Interview with Winebird Helena Nicklin
While Helena Nicklin was building her acting career, she started a second (paying!) one in wine. Today, the mum of two is Winebird – an up-and-coming star of the wine world. She explains why she wants to be the Jamie Oliver of wine.
What’s your career background?
I studied languages (French and Italian) at university but then did a one year post grad at drama school to train professionally as an actress.
I’d been bitten by the wine bug during my Erasmus year in Rome and knew I’d do something with wine at some point, so I made sure my ‘other job’ while I was acting (basically, the one that actually paid!) was in a fine wine shop. After a few years I had to make a choice between acting and wine. I chose wine, but vowed one day that I would mix the two worlds.
When and why did you develop a love of wine?
Living in Rome with friends, we discovered a couple of Enotecas where they encouraged us to buy wines by the glass to compare and contrast them.
The setting itself with its wood panelling, melty candles and ivy-clad walls added to the romance and I fell in love with the subject of wine right there. A few years later, once I’d decided to go full time in the wine trade, I started to do all the exams.
What qualifications do you have in wine?
I’ve done all the trade exams in wine and spirits up to the highest level: the diploma (WSET). It’s essentially a degree in booze. I hope to begin the Master of Wine program in the next couple of years, but that’s a big step!
What does your career look like now?
I set up Winebird to run wine tastings and events while I taught myself how to write. I then went and had two babies, but wrote my beginner’s wine book VINALOGY when I got too fat to run events.
I still run tastings and write features for consumer titles such as CityAm and Red Online, but I’ve taken things a step further with the performance side of things.
I now appear as the wine expert at fairs such as the Ideal Home Show and Taste of London and have started to do a bit of TV. My agent and I are pitching several ideas to various channels at the moment and I’m working on a script for a TV drama that has wine as a theme.
I also make short films for my YouTube channel which is all about making wine visual and fun. I dress my dog up a lot. When I’m not doing all that, I’m usually as a press tasting.
How did you fit your work around being a mum?
I’m very lucky to have an amazing nanny! When she arrives, I hide in my office or head out with my laptop. It’s not cheap, but it’s a necessary expense while I’m building my brand.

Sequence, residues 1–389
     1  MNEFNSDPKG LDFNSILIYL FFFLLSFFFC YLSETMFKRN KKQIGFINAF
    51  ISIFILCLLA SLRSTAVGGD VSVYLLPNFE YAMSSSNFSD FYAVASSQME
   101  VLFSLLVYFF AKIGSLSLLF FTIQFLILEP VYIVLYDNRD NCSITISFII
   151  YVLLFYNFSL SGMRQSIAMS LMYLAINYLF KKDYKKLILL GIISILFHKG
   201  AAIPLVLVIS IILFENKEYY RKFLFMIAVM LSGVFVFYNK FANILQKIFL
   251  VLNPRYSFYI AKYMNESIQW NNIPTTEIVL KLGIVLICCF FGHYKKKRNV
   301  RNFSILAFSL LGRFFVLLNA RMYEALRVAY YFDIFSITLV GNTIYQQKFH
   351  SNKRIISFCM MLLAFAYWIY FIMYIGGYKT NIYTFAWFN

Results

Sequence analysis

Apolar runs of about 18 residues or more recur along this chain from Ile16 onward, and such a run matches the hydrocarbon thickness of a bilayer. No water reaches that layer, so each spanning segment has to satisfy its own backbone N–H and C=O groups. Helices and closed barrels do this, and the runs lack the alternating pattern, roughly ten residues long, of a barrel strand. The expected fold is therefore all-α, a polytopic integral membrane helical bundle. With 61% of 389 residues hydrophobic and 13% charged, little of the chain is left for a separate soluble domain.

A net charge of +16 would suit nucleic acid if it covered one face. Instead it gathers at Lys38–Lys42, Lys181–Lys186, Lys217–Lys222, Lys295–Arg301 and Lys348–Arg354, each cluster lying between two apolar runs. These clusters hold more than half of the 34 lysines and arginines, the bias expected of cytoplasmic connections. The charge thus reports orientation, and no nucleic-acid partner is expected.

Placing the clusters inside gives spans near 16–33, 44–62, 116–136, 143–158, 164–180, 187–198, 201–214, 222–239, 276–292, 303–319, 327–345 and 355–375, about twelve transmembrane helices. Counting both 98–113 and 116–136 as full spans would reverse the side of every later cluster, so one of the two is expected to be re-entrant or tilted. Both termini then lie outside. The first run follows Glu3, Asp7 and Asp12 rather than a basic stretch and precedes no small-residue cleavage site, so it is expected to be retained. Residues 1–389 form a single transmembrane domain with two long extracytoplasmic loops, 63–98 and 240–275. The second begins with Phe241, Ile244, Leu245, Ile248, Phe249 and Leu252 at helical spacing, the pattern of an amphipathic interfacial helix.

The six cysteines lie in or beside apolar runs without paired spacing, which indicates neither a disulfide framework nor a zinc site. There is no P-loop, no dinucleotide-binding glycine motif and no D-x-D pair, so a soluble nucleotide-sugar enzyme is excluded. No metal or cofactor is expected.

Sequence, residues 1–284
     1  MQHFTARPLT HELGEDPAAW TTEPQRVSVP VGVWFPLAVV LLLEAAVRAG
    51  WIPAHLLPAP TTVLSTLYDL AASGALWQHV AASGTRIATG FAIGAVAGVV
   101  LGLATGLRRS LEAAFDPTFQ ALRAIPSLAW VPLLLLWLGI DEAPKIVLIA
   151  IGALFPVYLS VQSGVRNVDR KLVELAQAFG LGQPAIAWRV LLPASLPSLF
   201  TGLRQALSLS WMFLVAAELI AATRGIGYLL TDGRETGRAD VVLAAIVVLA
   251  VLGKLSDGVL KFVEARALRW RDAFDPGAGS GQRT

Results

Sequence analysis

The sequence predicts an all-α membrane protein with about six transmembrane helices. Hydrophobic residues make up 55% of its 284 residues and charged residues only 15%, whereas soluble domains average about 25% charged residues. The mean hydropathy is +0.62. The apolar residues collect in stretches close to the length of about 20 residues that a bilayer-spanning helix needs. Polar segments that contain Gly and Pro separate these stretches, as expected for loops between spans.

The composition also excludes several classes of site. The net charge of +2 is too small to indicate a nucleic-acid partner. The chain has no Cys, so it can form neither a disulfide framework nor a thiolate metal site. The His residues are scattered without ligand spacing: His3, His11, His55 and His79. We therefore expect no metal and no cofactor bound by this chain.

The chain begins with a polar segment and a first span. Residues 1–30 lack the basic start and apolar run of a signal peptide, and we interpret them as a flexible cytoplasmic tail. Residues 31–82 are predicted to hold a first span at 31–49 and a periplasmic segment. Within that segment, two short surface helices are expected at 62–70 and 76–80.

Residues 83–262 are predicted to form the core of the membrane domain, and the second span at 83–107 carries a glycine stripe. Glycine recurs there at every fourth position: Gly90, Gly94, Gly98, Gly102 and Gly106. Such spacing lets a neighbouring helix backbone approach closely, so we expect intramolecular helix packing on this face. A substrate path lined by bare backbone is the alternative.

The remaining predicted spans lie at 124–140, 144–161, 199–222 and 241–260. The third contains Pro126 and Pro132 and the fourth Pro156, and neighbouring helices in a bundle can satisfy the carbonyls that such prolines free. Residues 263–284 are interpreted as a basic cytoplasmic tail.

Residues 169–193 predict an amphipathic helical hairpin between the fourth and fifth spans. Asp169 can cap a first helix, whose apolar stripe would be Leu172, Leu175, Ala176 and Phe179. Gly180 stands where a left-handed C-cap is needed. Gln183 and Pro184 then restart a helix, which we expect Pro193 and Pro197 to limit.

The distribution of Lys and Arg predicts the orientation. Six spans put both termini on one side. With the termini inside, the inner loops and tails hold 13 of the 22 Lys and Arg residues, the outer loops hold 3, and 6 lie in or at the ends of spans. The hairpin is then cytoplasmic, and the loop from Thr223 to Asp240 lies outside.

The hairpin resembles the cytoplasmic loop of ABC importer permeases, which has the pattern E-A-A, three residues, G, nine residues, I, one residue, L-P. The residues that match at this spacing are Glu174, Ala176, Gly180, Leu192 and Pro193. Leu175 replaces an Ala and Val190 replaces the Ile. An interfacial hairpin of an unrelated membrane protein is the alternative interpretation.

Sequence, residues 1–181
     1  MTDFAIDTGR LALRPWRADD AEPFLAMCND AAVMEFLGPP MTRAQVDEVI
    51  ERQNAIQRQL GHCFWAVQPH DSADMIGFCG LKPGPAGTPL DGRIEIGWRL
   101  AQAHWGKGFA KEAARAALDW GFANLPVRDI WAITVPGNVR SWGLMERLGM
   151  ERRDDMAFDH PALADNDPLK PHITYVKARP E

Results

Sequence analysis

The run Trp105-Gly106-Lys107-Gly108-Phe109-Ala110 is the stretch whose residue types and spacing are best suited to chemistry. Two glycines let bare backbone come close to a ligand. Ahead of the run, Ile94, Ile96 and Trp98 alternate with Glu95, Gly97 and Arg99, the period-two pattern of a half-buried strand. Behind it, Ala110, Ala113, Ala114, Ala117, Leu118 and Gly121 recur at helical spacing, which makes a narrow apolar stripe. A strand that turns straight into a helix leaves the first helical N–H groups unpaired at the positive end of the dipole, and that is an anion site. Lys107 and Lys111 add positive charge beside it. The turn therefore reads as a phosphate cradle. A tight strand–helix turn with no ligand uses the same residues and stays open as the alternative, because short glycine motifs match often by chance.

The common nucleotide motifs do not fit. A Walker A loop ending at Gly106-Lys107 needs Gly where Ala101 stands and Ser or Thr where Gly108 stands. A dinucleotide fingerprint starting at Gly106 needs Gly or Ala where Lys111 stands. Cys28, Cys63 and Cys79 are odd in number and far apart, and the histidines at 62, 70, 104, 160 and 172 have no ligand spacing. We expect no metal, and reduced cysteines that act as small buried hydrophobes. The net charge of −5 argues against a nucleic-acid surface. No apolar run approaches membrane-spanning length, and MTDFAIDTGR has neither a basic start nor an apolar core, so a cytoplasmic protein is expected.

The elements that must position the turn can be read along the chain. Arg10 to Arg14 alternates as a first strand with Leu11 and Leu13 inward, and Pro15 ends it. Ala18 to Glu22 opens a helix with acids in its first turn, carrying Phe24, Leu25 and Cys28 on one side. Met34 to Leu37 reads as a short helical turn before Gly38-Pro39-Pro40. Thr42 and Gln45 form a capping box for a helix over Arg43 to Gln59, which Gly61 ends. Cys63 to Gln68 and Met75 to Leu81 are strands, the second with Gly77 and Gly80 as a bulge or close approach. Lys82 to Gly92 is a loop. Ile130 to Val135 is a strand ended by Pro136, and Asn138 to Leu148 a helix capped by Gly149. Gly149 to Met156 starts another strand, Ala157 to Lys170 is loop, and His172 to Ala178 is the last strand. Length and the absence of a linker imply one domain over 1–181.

What’s your vision for Winebird?
I want Winebird to do for wine what Jamie Oliver did for food. Everyone drinks it nowadays and many people would like to know more without sitting exams in it, so I see it as my job to get wine on telly in its own right, not just playing second fiddle to food. My approach to teaching about is quite different, so I am hopeful!
What makes you different from other wine experts?
My USP is using imagery and storytelling rather than dry facts. I call these ‘vinalogies’ – wine-based analogies. It’s one way to make wine more visual which is also entertaining and importantly, memorable!
I also think I’m genuinely different because I never lose sight of who I’m talking to: the interested consumer who just wants a few memorable basics to help them pick better wines. My audience doesn’t want or need me to show off my technical knowledge about how wine is made. Lots of wine writers seem to write for other experts and don’t know how to simplify. I translate winespeak, if you will!
What are your three top wine tips?
- Don’t think you’re meant to know lots about wine just because you drink a lot of it. Most people aren’t psychic!
- If you want to start learning about wine, start by getting to know the personalities of the top ten white and red grape varieties and the regions that are famous for them.
- Taste by comparison, because it’s the differences between wines that help you learn the most. Open lots of bottles and call it a party! But please drink responsibly, ahem…
What’s your advice for mums who want to follow their passion but may be scared?
It doesn’t have to be a big jump. You can start slowly, taking time to build a blog or a website, tweaking it along the way until you’re ready to show it to the world. Get online and start making the right contacts behind the scenes and engage with other relevant businesses and media etc.
You can learn more about Helena (and wine!) on the Winebird website.